For the 11th year, Kingston’s LGBTQ Center is bringing Pride Week to the Hudson Valley. The festivities are comprised of four nights of events culminating in the final Pride March and Festival on Sunday, June 5 in New Paltz.
There will be no kickoff party, with the Center opting to build momentum for the finale with a series of smaller events that it’s calling a “Journey to Pride.” The first official Pride Week event will be an open mic at the Anchor in Kingston on Wednesday, June 1. On Thursday night, the Center will host a “Gay, Old and Proud” panel discussion, featuring members of the LGBTQ community discussing their experiences. Fred Mayo, board president and acting executive director at the Center, says that while he is happy to see young persons receiving recognition, the Center wants to “give the older generations a chance to tell their stories” of being LGBTQ in a time when it was less accepted. Friday will be a movie night, with a showing of The Queen, a 1968 documentary that stars drag queen Sabrina, who Mayo hopes will attend.
A Pride Reception and volunteer recognition night will take place on Saturday night, followed by a party at Novella’s in New Paltz that will include dancing and cabaret with a special guest, New York City drag queen Peppermint.
The Sunday Pride March is the biggest event, typically drawing about 800 participants. “We call it a march, not a parade, because it is really about honoring dignity for all people,” says Mayo. Among the participants are high school Gay/Straight Alliances, churches and many individuals. LGBTQ groups like Dykes on Bikes and Big Gay Hudson Valley, as well as education and advocacy organizations like GLSEN and PFLAG, will be present, alongside a host of other attendees out to show their support, including teams, businesses and musical groups. Kate Pierson, member of the B-52s and longtime supporter of the LGBTQ community, will make an appearance as the event’s Grand Marshall.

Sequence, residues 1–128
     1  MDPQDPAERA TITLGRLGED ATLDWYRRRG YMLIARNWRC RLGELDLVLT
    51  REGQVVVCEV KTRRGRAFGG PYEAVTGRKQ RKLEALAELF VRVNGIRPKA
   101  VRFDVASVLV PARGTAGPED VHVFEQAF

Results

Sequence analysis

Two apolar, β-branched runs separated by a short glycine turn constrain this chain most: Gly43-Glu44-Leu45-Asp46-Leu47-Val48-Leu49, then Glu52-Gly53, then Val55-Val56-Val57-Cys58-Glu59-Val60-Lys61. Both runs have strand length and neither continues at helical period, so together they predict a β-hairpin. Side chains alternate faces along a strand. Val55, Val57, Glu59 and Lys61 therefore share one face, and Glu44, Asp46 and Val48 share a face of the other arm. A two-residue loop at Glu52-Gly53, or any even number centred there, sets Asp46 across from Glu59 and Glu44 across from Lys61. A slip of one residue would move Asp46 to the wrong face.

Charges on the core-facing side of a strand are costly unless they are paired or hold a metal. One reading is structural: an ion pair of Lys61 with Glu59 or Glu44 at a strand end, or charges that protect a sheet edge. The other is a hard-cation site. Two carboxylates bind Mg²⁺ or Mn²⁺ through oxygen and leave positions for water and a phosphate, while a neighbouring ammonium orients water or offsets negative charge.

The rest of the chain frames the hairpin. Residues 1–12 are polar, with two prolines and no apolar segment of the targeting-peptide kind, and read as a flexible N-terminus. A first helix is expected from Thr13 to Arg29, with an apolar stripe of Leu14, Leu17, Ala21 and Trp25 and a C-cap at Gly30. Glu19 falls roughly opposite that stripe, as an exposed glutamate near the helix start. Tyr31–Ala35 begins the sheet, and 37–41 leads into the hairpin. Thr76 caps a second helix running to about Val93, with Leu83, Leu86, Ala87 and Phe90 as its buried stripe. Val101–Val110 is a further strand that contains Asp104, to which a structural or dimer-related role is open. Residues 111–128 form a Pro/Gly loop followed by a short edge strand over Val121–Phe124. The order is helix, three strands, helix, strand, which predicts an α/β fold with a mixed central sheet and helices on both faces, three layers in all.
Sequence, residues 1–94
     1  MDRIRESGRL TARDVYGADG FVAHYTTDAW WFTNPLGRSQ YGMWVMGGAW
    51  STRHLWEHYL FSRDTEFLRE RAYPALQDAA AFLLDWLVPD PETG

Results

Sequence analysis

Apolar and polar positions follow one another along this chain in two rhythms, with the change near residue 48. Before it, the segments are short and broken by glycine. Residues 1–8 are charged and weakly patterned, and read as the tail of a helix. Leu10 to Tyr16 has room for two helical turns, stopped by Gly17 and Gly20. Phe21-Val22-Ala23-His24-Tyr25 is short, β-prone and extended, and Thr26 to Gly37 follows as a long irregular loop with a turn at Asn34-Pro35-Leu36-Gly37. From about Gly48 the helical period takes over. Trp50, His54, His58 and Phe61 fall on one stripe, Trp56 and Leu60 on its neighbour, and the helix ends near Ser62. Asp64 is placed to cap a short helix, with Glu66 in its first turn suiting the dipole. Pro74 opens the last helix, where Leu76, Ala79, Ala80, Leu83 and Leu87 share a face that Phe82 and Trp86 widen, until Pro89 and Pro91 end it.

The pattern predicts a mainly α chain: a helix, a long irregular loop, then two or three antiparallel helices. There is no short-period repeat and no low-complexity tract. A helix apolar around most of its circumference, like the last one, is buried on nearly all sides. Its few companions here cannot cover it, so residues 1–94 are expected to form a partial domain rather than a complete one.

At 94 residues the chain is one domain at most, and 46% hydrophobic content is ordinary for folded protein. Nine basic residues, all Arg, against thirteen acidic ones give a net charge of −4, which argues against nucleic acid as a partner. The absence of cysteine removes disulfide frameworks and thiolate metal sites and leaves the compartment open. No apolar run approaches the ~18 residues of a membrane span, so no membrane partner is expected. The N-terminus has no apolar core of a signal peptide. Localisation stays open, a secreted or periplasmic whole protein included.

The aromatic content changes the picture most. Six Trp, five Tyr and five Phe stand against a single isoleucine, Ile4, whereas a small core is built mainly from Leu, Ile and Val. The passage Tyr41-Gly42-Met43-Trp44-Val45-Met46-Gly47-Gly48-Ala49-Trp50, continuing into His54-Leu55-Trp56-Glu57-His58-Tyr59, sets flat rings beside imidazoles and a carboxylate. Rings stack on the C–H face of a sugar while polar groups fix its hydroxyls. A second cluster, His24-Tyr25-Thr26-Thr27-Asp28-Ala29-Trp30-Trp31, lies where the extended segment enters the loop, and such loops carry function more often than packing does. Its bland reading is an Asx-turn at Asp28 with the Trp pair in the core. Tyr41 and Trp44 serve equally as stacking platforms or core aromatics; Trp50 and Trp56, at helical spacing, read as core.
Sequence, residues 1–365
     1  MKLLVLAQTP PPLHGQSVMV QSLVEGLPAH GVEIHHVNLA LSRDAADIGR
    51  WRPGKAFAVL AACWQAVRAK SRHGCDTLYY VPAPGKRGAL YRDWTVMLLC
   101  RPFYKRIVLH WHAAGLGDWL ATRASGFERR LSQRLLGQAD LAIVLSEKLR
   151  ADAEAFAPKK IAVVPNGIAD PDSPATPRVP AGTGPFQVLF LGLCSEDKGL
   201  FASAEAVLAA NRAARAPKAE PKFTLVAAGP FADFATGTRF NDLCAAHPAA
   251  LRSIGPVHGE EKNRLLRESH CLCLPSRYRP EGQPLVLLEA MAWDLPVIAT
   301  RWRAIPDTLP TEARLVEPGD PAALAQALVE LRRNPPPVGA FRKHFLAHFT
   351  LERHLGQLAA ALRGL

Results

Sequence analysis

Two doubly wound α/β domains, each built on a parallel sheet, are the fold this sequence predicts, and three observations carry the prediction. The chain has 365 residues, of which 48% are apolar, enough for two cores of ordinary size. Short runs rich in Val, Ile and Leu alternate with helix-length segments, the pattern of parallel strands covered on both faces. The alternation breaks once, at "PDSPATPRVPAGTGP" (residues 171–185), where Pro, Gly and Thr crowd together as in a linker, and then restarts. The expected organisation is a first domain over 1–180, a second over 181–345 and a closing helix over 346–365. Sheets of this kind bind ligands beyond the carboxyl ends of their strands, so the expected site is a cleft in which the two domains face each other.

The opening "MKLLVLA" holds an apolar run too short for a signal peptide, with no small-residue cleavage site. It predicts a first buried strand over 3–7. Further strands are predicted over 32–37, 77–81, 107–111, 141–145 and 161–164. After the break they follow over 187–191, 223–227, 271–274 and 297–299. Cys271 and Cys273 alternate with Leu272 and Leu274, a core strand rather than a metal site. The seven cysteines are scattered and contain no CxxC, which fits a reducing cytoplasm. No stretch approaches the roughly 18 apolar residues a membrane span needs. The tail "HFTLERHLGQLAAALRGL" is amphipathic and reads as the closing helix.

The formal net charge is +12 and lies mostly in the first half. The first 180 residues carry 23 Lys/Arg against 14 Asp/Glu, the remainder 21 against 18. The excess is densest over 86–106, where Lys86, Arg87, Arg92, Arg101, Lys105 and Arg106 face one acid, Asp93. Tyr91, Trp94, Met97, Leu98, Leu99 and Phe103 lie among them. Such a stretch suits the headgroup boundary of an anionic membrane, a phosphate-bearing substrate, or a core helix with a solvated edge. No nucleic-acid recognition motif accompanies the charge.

Following the march, marchers and onlookers can gather in Hasbrouck Park, where there will be food trucks, vendor booths and performers. The Center will collect the names of sponsors and supporters into a Digital Pride Guide that will remain on its website for the duration of the year. The festivities will continue into the night with an afterparty, though the Center has yet to decide on a venue.
Mayo says that the purpose of Pride Week is twofold: It celebrates“the community, the dignity and the straight allies,” but it also serves as a reminder that there is still a lot of work left to do. He notes that the legalization of same-sex marriage was a huge step in the fight for LGBTQ rights, but that “everything isn’t solved,” pointing to North Carolina’s recent legislation to block anti-discrimination policies.
New York faced its own legal turmoil around LGBTQ rights, notably in 2004 when then-mayor of New Paltz Jason West officiated same-sex marriages and faced charges for doing so. “Particularly this year,” says Mayo, “the Pride march and festival is important to show that the Hudson Valley celebrates the dignity of all LGBTQ persons. New Paltz is a welcoming community to all of us. What a privilege it is to celebrate Pride there.”
The Center provides resources and organizes events for LGBTQ persons and allies. Mayo says that Pride is a “big splash,” but that the Center wants to continue that work year-round. “We’re devoted to a quiet, continuing commitment to change.”
Pride Week, Wednesday-Sunday, June 1-5, LGBTQ Center, 300 Wall Street, Kingston; (845) 331-5300, https://lgbtqcenter.org.